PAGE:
Buyer Supplier Perspectives on Supply Chain Relationships
Files in This Item:
|2010_IJOPM_Relationships_Ambrose_et_al.pdf||350.05 kB||Adobe PDF||Download|
|Title:||Buyer Supplier Perspectives on Supply Chain Relationships||Authors:||Ambrose, Eamonn
Lynch, Daniel F.
|Permanent link:||http://hdl.handle.net/10197/6041||Date:||2010||Online since:||2014-10-14T13:50:05Z||Abstract:||Purpose: The paper aims to employ transaction cost theory and social exchange theory to compare how buyers and suppliers perceive relationship mechanisms. The paper also explains the antecedents and dynamics of relationship performance by comparing buyer and supplier perceptions of the same relationships. The paper specifically focuses on the issue of relationship success and test the hypothesis that the antecedents of perceived relationship success for buyers differ from those of suppliers within supply chain relationships. Design/methodology/approach: The paper is based on a study of the supply chain relationships of a major ICT company where matched pairs of buyers and suppliers were surveyed on the nature of their relationships. The survey instrument drew from previously published constructs on key relationship dimensions such as trust, commitment, power, communication, uncertainty and performance. A series of nested measurement models were then developed and tested for the two groups – buyers and suppliers. Findings: The study found that buyers and suppliers have significantly different perceptions of their relationships across a range of dimensions. In addition, the antecedents of relationship success for both groups bear little similarity, thus supporting our hypotheses. Originality/value: The paper directly compares transaction cost theory and social exchange theory and finds that both are useful in explaining success in buyer‐supplier relationships. Methodologically, the paper is unique due to the combination of over 100 matched buyer‐supplier dyads with a comprehensive survey of relationship constructs. Given the use of both transaction cost and social exchange theory, the breadth of the dimensions studied, the unique access to practitioners gained and the nature of the matched‐pair data, this paper is an important contribution to the literature on relationship management. Furthermore, the findings indicate a rich seam of potential future research topics.||Type of material:||Journal Article||Publisher:||Emerald||Journal:||International Journal of Operations and Production Management||Volume:||30||Issue:||12||Start page:||1269||End page:||1290||Copyright (published version):||2010 Emerald Group Publishing Limited||Keywords:||Supply chain management; Buyer-seller relationships||DOI:||10.1108/01443571011094262||Language:||en||Status of Item:||Peer reviewed|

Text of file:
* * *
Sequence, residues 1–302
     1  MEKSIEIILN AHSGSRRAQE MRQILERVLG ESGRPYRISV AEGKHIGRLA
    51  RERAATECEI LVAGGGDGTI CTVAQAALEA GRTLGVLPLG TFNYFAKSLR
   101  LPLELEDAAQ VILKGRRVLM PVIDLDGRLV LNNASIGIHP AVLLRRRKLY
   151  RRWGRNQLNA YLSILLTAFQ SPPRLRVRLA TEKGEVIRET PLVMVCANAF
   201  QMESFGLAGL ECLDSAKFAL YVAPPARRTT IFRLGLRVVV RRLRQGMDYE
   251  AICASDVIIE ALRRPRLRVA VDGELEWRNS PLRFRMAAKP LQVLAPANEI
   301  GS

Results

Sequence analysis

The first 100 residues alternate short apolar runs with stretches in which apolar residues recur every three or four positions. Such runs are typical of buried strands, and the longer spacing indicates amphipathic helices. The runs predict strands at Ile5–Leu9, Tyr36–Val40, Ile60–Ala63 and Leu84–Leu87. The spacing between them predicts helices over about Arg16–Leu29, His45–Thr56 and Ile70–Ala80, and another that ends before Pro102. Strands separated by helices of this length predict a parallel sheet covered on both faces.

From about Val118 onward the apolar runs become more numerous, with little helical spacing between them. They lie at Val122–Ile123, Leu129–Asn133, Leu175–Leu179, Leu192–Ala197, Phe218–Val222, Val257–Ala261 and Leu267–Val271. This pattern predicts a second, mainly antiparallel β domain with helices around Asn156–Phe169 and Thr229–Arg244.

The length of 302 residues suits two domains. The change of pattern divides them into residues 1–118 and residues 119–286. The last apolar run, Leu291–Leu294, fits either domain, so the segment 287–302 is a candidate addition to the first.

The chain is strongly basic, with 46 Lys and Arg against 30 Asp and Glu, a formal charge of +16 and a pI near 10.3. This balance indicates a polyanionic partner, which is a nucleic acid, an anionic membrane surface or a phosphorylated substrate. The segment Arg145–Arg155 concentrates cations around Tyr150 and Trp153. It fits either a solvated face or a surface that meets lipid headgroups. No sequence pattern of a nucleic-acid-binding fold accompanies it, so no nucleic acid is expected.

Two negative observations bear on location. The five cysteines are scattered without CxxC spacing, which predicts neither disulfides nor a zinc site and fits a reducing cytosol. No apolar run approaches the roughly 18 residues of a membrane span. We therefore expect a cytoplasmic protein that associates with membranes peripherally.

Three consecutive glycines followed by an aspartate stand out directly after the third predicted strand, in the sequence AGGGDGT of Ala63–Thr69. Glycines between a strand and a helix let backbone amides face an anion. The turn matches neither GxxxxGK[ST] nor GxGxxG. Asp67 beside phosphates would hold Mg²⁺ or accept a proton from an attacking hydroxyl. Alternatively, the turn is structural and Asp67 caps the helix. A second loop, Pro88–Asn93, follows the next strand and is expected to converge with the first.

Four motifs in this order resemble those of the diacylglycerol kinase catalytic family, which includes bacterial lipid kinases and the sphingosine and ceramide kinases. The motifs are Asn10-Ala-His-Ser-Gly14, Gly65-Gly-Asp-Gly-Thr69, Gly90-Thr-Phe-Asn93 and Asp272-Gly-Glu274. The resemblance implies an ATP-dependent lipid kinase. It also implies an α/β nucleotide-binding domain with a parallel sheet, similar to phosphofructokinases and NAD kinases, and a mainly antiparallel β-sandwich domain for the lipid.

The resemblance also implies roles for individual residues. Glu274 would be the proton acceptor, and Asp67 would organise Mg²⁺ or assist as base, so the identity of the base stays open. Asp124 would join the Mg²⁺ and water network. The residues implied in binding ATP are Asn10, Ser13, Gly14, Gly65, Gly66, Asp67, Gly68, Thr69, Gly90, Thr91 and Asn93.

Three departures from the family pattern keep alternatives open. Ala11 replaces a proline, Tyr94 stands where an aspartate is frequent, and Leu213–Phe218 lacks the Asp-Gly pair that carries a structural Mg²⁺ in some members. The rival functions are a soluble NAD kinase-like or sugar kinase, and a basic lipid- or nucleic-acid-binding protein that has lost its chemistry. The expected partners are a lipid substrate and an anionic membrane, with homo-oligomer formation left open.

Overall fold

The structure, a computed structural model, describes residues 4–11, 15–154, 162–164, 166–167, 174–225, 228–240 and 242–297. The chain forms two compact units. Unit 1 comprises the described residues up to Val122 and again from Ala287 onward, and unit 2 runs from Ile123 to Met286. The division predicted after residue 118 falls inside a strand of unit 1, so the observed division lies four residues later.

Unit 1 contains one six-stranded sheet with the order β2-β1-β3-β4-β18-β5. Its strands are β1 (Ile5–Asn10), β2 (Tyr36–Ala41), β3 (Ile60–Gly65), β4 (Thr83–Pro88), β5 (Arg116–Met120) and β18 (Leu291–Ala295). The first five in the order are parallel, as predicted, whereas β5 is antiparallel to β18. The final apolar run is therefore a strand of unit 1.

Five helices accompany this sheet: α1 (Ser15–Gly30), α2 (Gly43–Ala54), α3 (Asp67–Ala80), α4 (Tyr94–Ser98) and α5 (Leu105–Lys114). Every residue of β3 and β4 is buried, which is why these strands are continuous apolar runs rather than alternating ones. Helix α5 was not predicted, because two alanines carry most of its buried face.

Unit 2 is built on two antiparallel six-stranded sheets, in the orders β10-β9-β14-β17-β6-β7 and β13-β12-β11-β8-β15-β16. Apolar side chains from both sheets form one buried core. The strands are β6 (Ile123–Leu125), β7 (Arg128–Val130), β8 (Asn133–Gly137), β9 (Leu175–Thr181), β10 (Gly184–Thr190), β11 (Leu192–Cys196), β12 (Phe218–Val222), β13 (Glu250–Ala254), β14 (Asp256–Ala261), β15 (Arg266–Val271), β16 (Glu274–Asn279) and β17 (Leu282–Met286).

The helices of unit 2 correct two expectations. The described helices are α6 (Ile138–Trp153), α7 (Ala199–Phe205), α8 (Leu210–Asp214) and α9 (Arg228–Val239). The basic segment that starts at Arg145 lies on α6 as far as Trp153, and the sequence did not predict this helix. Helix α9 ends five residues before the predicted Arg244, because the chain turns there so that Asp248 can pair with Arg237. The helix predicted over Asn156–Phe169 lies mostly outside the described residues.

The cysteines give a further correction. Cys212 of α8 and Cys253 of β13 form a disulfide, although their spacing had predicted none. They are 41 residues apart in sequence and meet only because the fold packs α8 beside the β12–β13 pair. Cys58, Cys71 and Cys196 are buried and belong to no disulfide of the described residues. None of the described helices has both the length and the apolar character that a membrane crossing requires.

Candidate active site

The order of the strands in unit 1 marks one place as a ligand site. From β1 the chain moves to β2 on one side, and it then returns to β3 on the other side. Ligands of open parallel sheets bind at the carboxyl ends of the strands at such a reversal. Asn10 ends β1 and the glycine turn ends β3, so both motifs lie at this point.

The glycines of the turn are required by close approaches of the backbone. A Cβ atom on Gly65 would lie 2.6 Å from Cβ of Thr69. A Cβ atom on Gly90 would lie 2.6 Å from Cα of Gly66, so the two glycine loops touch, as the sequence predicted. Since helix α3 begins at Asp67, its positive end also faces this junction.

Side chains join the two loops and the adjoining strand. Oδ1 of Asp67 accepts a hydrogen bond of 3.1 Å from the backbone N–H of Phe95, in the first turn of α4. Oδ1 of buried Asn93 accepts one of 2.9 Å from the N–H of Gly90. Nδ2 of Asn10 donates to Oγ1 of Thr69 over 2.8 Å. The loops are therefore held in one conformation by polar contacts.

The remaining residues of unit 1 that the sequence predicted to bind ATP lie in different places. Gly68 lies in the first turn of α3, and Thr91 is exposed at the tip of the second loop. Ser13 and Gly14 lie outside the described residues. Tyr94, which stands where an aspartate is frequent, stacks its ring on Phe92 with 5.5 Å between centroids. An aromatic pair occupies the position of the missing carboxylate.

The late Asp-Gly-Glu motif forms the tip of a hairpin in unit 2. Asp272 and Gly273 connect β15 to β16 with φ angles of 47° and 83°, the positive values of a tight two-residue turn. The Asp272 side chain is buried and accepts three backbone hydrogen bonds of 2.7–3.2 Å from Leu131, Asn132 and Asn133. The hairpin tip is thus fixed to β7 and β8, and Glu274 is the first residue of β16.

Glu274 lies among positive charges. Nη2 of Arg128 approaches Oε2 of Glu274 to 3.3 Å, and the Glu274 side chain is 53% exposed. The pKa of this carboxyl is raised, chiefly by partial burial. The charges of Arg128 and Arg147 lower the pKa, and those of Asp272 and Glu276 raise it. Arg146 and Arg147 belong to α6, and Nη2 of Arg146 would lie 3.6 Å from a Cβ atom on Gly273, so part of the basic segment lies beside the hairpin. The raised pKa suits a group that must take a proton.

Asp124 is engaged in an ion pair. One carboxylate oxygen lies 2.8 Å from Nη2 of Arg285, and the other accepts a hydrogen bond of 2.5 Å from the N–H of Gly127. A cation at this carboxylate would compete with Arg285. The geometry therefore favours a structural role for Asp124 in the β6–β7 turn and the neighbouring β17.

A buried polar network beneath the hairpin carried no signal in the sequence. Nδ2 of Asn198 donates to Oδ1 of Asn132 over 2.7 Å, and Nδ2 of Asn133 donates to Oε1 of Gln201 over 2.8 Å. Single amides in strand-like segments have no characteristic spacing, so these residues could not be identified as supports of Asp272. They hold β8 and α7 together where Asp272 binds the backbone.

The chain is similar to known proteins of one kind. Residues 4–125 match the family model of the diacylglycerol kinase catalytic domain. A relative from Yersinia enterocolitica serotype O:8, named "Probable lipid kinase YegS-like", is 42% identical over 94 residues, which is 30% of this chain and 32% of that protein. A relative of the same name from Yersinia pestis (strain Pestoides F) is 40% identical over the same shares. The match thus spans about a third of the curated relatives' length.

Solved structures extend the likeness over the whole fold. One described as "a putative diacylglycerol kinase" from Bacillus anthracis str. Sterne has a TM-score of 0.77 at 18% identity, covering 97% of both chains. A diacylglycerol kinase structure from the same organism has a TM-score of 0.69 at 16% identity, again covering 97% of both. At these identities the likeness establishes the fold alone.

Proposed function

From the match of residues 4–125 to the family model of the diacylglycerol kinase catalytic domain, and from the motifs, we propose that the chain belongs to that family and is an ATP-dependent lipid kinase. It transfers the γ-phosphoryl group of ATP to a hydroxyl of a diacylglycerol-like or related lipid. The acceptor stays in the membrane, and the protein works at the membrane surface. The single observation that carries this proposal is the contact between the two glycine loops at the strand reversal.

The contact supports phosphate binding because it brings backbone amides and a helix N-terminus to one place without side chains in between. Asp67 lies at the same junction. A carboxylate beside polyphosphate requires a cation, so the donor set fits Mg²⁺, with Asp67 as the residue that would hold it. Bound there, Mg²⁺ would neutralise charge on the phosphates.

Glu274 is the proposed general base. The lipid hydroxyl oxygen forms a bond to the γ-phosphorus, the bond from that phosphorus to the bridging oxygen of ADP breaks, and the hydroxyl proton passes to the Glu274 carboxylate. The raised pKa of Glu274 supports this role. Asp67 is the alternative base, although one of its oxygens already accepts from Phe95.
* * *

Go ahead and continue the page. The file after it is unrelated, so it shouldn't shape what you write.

|Appears in Collections:||Business Research Collection|
Show full item record
This item is available under the Attribution-NonCommercial-NoDerivs 3.0 Ireland. No item may be reproduced for commercial purposes. For other possible restrictions on use please refer to the publisher's URL where this is made available, or to notes contained in the item itself. Other terms may apply.